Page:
Fighting the Borg. Or how to stay focused by working offline

By |2023-11-22T10:47:35+00:00November 13th, 2023|Uncategorized|0 Comments

I only vaguely realised the Borg was a Star Trek reference when the phrase ‘It’s like fighting the Borg!’ popped into my head as I was thinking about social media consumption and addiction. I googled it just now, right after I promised myself I was going to get started writing this blog post. Technically I could even say it is part of work, right? Googling for my blog is doing research! I also know it is one of the habits I was much, much stricter about when I was finishing my PhD: I was uncompromising. I didn’t work online at all for the first few work sessions of the day, and it made being focused so much more doable.

I didn’t develop self-discipline necessarily. I opted for the easier way: to fight the bots with a bot so to say. I used an app called Freedom, which would block the Internet entirely, or certain sites that were difficult to resist. And difficult to resist they can be. There were three ways in particular being shielded from the online world helped.

  1. A Morning Routine

    It helped me get going in the morning. Every morning I started writing/ work at 10:00, and making sure my computer would automatically go offline at that time helped tremendously in making that routine a habit. I remember the almost withdrawal-like effects when I first installed the app, the world becomes very quiet without our trusted online distractions. Suddenly you’re there with the blank page. And then you realise: this is exactly where I need to be. I need to be right here, right now with the black page. That’s the whole point of it! Over time my mind and mental habits adjusted and my brain’s inner alarm clock just knew it was time to start work, and time to focus. It becomes second nature. And not to make an ad of this blog post, but it feels like Freedom.

  2. Staying with the Work When It’s Hard

    The first challenge is to actually sit down and think and write. The next challenge is to keep going when it feels difficult. And there are so many ways writing can feel difficult. Blessed are the days and weeks you have a clear idea of what you’re doing, and the writing trickles onto the page uninterrupted. It is more likely that you may think you have some relevant thoughts, but once you start putting them to paper they aren’t as coherent and brilliant as they seemed in your head. Thoughts are almost like dreams in that way: in the mind everything is possible but then try squeezing it into logically coherent sentences, in a logically coherent whole. Almost impossible! Right, do you have an impulse to check out yet?? Writing is emotionally difficult. We know writing and developing our concepts takes time, in fact it makes sense. But it is uncomfortable! Academic work is so slow. Could it be any slower?? So we need to help ourselves stay with the work, and the difficult feeling, instead of going off and checking Insta.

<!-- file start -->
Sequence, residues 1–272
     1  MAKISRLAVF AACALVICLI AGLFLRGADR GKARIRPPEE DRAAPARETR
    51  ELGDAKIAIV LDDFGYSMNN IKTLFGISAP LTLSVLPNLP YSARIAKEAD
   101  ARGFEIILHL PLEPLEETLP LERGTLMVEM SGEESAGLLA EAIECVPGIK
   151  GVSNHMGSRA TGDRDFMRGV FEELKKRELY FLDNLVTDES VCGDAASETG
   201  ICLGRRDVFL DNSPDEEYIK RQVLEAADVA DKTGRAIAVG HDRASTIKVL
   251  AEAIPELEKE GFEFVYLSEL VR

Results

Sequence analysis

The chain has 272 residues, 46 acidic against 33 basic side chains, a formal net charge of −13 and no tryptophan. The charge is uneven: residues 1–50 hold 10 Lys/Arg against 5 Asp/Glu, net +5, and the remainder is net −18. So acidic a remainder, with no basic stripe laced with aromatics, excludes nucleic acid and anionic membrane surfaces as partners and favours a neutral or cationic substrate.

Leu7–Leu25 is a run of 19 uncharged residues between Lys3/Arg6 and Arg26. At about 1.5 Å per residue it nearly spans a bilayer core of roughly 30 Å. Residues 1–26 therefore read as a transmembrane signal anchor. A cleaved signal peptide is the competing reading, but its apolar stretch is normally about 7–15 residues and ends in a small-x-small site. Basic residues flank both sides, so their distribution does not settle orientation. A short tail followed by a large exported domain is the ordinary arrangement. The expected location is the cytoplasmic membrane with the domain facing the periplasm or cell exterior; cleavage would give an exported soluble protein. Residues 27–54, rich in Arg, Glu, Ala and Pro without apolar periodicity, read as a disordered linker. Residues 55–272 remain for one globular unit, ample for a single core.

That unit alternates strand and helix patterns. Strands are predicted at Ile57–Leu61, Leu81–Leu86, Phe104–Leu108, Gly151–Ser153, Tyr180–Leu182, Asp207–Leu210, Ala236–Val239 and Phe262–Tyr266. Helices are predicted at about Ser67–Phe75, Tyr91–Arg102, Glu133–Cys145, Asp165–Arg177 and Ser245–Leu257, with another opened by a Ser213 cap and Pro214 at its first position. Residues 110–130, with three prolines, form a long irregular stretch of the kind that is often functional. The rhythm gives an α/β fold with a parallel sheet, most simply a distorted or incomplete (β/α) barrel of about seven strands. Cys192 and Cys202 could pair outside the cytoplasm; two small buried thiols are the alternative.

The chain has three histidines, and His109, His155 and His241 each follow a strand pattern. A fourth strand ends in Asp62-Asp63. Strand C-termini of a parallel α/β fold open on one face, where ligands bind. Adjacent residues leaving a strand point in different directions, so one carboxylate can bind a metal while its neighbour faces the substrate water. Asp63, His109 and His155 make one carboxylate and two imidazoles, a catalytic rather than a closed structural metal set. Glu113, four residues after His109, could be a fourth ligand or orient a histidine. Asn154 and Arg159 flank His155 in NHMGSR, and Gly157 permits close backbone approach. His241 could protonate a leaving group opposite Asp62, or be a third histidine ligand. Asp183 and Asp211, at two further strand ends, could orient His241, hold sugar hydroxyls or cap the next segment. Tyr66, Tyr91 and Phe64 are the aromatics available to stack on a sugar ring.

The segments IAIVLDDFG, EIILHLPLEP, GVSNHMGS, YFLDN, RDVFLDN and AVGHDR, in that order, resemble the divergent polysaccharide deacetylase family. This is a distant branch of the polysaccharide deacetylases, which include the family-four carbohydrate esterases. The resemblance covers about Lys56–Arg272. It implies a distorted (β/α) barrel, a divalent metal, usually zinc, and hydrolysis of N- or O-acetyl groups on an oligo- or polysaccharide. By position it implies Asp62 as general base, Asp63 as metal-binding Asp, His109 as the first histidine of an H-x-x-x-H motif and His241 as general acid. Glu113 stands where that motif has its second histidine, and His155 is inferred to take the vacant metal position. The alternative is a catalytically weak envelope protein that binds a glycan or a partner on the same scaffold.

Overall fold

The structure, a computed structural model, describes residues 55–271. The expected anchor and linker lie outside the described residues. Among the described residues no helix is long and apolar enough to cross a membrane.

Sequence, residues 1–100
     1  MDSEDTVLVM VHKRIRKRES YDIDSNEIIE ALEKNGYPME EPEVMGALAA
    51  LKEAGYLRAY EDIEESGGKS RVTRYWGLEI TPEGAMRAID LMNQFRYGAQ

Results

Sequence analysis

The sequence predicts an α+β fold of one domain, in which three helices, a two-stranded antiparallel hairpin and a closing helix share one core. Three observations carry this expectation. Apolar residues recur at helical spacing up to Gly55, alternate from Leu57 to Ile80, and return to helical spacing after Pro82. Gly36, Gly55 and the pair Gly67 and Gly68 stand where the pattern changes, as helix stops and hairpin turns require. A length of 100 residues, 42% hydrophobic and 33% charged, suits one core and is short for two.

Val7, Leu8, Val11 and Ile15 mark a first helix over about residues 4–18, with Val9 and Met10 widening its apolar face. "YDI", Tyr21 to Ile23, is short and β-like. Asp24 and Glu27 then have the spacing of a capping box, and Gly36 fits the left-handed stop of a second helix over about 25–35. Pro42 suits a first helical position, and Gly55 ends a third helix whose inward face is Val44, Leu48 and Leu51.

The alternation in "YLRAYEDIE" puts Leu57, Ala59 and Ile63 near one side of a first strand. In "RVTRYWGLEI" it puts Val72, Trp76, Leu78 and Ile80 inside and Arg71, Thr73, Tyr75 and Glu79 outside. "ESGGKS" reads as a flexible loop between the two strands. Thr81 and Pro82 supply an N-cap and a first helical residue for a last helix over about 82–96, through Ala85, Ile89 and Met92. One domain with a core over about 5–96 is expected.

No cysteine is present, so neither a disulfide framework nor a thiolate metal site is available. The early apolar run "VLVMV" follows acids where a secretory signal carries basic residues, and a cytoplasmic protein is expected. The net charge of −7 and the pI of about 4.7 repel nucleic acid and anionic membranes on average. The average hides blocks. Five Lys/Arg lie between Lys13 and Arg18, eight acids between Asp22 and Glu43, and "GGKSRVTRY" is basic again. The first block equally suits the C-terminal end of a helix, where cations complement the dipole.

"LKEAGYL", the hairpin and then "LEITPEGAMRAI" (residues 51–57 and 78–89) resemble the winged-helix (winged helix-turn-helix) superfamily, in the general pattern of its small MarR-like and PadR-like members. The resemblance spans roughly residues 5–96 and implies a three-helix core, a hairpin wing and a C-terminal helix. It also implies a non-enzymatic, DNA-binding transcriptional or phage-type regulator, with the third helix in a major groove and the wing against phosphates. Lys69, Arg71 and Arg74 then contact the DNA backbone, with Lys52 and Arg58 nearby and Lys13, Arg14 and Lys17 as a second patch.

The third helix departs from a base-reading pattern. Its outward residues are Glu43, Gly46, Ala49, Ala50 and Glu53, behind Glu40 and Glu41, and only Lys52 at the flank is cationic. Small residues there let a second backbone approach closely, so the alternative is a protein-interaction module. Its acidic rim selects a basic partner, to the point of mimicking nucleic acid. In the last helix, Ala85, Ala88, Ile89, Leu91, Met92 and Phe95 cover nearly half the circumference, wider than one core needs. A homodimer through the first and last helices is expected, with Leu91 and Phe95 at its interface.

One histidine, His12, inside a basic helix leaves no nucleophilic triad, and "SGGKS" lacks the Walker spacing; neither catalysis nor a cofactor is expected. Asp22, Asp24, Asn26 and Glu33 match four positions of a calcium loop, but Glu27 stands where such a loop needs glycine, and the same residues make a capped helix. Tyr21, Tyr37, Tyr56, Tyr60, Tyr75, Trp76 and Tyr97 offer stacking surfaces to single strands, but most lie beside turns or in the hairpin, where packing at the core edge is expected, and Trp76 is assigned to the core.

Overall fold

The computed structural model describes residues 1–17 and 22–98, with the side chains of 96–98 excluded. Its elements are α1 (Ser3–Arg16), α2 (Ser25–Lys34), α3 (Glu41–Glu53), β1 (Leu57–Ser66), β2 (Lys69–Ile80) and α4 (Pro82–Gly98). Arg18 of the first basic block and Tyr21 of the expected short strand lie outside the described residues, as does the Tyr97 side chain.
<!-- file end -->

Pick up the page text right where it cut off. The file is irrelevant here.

3. Develop Your Voice

    Finally, we need some help staying with our work. I always say: the ocean is vast. By that I mean: the ocean of the literature is vast and deep and at times perilous! Perilous in the sense that it can take us off course – you can sail absolutely everywhere, but it doesn’t mean it’s necessarily where you need or want to go! In fact it can take you entirely off track. Working offline for me meant that I didn’t go sailing off in any direction searching for new literature or references etc., drifting off along the way. Instead I worked with what I already knew in the mornings (I would have a few papers downloaded for reference), and if I was unsure of anything or I thought my sentence needed a reference, or I was sure someone or many people had written about this before, I would make a note, jot it down, and keep going! Keep going with my thoughts, my argument, immersed in what my paragraph or chapter was trying to do. Blocking out the internet helped me stay away from wasting hours on research that may not have been that useful. Of course, I would still need to do some of that research, but it would have to be done intentionally, once I had more of an overview, not when I bumped into a challenge or interesting thought or reference at sentence level. You need to prioritise, otherwise the ocean will swallow you whole!

Voilà, three reasons why it makes sense to block the internet: it will help you get started, keep going, and write something worthwile. Switch off for a couple of hours a day. Go old-school…

If this way of working appeals, consider joining the Stress-Free PhD Programme. Over the course of the programme you’ll develop new work habits that will allow you to finish any research project in far fewer hours a day. Definitely worth it.

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